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One-for-all targets are worse than useless

It is said that with six feet of it packed into every single cell, there is enough DNA in the human body to stretch to the Sun and back 600 times.

Which is all well and good, but who gets to put it together again?

The problem with people and data is that often the sum has very little to do with the parts. Which brings us to that annual waste of time we call target-setting.

It should be an opportunity for teachers to make valuable assessments about where their pupils will be at the end of the year. To produce professional judgements on the basis of detailed experience. To review the progress of individual children in the light of teaching and learning strategies. To take a snapshot of each child in context and, on that basis, plan for individual futures.

Indeed, target-setting is a meaningful exercise until the orders arrive.

They come from somewhere higher up the chain of command, like the ones sent by World War One generals examining maps several kilometres from the front line.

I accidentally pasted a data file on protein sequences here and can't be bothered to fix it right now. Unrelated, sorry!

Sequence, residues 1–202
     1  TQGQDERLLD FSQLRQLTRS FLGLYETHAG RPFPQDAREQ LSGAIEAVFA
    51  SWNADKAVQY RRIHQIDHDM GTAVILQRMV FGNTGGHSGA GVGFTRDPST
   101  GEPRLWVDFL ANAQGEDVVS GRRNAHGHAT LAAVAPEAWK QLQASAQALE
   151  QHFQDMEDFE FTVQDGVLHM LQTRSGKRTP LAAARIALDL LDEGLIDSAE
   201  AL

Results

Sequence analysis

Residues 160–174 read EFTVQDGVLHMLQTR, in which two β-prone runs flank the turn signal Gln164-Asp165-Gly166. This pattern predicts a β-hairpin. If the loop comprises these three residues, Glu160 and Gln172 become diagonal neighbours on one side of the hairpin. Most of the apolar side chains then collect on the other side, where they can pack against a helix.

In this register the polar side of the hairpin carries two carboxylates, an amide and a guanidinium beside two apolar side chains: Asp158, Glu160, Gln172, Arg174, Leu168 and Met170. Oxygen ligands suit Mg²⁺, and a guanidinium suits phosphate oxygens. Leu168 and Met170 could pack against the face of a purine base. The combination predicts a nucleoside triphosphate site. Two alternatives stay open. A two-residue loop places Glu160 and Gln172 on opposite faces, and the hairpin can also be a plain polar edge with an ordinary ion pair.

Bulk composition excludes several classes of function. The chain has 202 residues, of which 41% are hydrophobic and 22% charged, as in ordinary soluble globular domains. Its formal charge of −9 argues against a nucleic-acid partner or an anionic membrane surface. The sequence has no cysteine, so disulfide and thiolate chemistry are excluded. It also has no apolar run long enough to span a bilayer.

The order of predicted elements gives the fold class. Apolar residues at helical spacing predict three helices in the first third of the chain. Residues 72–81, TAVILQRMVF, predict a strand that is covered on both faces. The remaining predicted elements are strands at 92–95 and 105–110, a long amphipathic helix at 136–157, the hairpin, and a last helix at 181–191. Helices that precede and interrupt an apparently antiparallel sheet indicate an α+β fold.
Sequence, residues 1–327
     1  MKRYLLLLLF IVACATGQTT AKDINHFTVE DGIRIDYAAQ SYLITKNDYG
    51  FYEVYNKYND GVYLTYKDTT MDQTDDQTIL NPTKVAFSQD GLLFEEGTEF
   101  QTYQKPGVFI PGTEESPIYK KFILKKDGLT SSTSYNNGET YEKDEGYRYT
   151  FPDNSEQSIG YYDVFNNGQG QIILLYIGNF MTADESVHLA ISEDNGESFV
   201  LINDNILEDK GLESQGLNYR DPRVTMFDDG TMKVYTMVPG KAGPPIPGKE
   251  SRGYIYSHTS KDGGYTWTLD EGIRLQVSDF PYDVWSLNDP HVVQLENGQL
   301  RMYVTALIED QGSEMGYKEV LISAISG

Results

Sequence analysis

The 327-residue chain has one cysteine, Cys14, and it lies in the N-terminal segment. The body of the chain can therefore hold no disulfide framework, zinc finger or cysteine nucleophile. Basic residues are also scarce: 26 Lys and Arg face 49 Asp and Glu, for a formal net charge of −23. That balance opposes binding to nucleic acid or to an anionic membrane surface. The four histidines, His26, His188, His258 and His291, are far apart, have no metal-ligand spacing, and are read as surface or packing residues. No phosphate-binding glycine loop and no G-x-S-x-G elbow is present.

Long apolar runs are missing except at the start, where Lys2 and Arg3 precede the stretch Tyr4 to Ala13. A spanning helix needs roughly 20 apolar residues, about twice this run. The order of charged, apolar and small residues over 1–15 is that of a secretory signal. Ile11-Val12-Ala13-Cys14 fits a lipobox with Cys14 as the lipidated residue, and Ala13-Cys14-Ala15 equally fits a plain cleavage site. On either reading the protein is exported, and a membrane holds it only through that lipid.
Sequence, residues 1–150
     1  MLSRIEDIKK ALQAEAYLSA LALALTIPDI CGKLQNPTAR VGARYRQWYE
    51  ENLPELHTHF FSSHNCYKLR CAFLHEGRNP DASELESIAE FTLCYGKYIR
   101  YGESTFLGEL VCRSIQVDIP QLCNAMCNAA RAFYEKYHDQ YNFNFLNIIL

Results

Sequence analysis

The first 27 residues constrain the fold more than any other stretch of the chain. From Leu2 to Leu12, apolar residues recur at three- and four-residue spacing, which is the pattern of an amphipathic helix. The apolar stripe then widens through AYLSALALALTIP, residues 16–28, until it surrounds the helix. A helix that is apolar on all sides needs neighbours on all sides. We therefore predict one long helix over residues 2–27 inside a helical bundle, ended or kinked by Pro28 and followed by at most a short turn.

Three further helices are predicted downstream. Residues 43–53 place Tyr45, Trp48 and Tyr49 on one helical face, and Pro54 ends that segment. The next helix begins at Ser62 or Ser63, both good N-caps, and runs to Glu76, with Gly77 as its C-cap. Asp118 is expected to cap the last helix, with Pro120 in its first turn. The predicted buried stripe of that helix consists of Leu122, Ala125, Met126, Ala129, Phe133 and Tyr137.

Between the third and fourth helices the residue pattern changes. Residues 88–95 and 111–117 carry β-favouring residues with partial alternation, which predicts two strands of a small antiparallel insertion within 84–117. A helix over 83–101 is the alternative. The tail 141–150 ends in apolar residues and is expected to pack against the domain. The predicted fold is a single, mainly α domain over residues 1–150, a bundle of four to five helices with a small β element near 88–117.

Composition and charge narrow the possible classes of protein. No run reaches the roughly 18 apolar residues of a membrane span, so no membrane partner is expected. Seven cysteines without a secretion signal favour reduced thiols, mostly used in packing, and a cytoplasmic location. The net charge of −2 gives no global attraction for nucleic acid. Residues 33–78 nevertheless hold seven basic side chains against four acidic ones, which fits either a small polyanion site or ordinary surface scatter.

And before you can arrange a friendly kick-about in no man's land, we find ourselves under fire. Professional judgements blown apart by the heavy artillery of local education authority percentages and targets. A working knowledge of children and their abilities wiped out in an instant by the Panda.

No, not a large black-and-white mammal with a reluctance to procreate in public. Panda is short for Performance and Assessment: inspired by the Office for Standards in Education, used by robots.

It works like this: LEAs use data from entirely different cohorts, factor in the performance of entirely different schools and multiply the whole thing by a number that will ensure targets are acceptable to someone who would not know a primary classroom if it jumped up and wiped finger paint down his suit.

Consequently, teachers are required to set new targets that trump the original ones, and negate all the hours of honest effort put into setting them in the first place. The workload is bad enough, without having our judgements invalidated by a politically expedient mathematical formula.

Anyway, the truth is that children will never be tidy numbers in neat little boxes, just like they will never be billions of miles of DNA.

Manipulate and redefine the data how you will - just do not expect us to make the children fit it.

Catherine Kington and Steve Eddison are team leaders at Longley primary school, Sheffield. Feeling aggrieved? Write us a 400-word Sounding Off and get paid as you grumble. Send it to susan.young@tes.co.uk

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